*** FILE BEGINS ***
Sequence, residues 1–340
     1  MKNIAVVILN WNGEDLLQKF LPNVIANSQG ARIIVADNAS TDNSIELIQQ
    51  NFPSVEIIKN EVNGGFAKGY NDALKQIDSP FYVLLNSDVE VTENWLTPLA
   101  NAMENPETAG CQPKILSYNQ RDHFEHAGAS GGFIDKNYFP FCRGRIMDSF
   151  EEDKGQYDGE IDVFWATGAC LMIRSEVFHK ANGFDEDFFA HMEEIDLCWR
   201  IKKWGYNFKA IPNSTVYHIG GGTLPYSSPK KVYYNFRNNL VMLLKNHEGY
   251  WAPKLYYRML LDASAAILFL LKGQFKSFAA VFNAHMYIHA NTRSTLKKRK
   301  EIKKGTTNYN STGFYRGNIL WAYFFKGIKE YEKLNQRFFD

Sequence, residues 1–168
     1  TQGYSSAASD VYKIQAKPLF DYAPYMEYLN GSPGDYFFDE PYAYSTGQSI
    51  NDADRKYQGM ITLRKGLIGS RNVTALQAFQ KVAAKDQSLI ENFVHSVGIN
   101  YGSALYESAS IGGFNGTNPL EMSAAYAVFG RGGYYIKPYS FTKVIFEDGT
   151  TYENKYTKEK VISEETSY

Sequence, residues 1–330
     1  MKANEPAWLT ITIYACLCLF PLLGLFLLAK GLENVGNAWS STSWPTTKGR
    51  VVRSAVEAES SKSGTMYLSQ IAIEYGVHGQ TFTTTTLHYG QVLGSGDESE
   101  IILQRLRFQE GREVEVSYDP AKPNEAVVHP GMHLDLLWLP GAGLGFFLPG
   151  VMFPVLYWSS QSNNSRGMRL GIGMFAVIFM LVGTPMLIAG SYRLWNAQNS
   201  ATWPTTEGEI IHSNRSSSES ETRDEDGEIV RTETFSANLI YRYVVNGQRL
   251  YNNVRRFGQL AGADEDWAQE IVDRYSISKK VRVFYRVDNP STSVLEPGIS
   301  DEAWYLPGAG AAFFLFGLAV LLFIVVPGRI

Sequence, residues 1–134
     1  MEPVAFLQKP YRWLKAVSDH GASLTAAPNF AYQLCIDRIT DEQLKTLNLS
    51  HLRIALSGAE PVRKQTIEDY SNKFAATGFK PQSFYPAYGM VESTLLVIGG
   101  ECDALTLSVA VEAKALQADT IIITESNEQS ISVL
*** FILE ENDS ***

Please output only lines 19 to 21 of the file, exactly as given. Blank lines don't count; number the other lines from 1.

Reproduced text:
   201  ATWPTTEGEI IHSNRSSSES ETRDEDGEIV RTETFSANLI YRYVVNGQRL
   251  YNNVRRFGQL AGADEDWAQE IVDRYSISKK VRVFYRVDNP STSVLEPGIS
   301  DEAWYLPGAG AAFFLFGLAV LLFIVVPGRI